Seeking to capture a likeness, be it prose or ‘selfie’, is a notoriously evasive task. The psychology of the subject, patron and artist all have to be considered. The elusive perfection of the human face has brought artists from Vermeer to Picasso to portraiture. There is something inherently enchanting about the genre, such that it is little wonder that the most famous painting in the world is indeed a portrait. Happily, you needn’t stand shoulder to shoulder with tourists in the Louvre to experience the curious pleasure a portrait can provide. Bostonians are lucky to have New England’s rich history of art collection to thank for its containing some of the finest and least known works of the genre.
It seems fitting to start with a critical figure of Boston’s history. After attending Harvard, William Morris Hunt spent much of the mid-nineteenth century studying art in Italy, France and Germany, eventually forming a close friendship with the Barbizon School painter Jean-François Millet. The oil painting of Olivia Buckminster Lothrop (mid 1860s) is a perfect example of the blossoming culture of New England society, with portraits serving as status symbols and badges of taste. Hunt was responsible for a fashion amongst the Boston elite for French sophistication, which he used to promote his friend Millet as much as himself. The fine fabric of her dress and lace are charismatically painted, with a scrupulous attention to detail that permits no denial of Hunt’s work with the French realist Thomas Couture.
Painted in 1543, the portrait of Sir William Butts, M.D. is a treat for monarchical history enthusiasts and medical historians alike. It’s also exciting if you like dramatic noses. Hans Holbein the Younger was a German painter who won over King Henry VIII, so much so that he became the portraitist to the court. Here Holbein shows us another important personage of the monarchical staff, Sir William Butts, a royal physician. If you wander into the Dutch room of the Isabella Stewart Gardener Museum, you will see him accompanied by his wife, Margaret Bacon. So much about this work is distinctly Tudor, the characteristic cap, the prominence of the golden chain and the sober dress of an attendant to the King. This was not the only work that Holbein painted of Butts, he also appears in the large work ‘King Henry VIII Grants the Charter to the Barber-Surgeons’.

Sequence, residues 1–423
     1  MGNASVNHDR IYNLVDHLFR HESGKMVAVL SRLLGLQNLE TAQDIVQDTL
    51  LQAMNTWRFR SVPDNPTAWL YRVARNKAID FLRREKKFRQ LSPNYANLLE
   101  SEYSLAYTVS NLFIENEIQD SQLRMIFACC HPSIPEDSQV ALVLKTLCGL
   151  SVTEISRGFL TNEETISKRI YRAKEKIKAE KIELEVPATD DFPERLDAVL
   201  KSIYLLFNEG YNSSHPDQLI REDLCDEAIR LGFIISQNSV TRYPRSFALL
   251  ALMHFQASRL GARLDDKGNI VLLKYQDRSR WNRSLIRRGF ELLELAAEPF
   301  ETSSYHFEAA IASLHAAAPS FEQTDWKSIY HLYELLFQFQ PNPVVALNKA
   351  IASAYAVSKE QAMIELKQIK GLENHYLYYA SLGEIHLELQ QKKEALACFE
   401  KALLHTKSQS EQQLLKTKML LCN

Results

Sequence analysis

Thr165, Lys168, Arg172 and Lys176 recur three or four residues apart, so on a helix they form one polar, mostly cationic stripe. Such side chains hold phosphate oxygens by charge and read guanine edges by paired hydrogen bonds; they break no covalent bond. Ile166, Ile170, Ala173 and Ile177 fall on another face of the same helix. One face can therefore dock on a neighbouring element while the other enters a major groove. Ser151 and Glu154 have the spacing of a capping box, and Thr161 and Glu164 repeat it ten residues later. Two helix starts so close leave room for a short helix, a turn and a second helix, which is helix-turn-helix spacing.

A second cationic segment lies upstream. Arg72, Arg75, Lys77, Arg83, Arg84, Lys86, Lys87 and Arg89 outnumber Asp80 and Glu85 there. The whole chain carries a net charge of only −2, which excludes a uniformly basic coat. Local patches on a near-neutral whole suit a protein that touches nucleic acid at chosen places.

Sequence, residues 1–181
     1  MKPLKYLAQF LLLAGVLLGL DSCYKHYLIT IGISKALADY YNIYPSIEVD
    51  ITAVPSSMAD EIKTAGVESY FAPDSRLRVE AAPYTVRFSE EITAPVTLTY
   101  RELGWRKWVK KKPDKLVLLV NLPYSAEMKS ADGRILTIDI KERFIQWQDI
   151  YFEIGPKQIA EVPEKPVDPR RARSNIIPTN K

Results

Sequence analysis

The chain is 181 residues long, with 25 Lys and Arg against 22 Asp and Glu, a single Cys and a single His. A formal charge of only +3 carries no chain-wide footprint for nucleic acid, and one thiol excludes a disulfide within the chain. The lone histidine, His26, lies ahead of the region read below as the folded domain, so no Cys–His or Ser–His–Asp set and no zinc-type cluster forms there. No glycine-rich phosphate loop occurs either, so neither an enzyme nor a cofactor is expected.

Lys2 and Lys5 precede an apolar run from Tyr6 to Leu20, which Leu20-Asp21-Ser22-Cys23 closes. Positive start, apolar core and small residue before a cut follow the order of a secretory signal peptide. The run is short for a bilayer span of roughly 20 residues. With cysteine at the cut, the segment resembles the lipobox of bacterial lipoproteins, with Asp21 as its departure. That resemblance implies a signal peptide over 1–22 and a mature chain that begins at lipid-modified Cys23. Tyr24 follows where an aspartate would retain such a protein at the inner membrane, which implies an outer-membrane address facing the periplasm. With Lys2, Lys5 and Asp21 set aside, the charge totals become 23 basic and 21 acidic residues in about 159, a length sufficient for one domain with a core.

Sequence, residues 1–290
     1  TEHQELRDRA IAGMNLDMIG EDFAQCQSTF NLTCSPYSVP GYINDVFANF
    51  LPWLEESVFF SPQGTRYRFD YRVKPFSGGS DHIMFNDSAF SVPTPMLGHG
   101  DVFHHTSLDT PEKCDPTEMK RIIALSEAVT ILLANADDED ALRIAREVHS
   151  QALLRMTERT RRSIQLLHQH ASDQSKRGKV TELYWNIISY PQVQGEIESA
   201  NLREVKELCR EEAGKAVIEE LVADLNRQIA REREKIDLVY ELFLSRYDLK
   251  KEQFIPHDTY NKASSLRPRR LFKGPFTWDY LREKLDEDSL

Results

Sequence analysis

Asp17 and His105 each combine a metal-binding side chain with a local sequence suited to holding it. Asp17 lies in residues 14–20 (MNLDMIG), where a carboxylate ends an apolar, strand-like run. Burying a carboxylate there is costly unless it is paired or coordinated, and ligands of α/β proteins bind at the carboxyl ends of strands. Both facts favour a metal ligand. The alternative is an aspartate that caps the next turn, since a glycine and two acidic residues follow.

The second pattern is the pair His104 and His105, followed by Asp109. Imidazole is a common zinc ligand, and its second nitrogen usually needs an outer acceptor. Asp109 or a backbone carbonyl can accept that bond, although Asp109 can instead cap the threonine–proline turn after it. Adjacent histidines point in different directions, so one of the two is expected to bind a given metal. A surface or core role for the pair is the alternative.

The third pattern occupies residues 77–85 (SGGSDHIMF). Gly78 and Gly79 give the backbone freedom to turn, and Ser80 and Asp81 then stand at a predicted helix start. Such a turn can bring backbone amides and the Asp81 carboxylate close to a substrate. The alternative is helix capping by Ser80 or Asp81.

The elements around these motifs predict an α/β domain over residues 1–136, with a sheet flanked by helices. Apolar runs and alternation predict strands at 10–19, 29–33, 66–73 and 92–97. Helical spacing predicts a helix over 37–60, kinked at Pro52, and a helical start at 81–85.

‘Self-Portrait, Aged 23’ painted in 1629 by Rembrandt is an oil painting exhibiting both the lifelong stylistic qualities that make Rembrandt’s work so remarkable, and the potential of the young man early in his career to hone those qualities. This work is a real treat for those amongst us with a taste for history, as it serves as a real encapsulation of the painter’s life at that moment. Unlike his other self-portraits, his face is not saturated in expression and drama. Unusually, the work is more about costume than it is about character, with the characteristic yellow light falling on a plumed hat and fine clothes. He is even wearing a golden chain that denotes the noble profession of painting. The clue as to why this might be lies in the pristine finishing of the painting. The meticulous of the finishing combined with the air of vague respectability serves as an advertisement for the aspiring artist. It is a rare opportunity to see one of the most important and famous artists in the western tradition as a fledgling genius, as wonderfully illuminating to his history as his chiaroscuro is to his subjects.
Both the portrait of Rembrandt and Butts may be found in the Isabella Stewart Gardener Museum, while the painting of Lothrop is in the MFA. You may notice that all of these artists are men, and as a disclaimer it is prudent to add that these works were produced in an age where women were seldom permitted creative rights. Such a delve into the past was chosen due to provide variety from my other rather more modern articles, which feature an equality of artistic genius.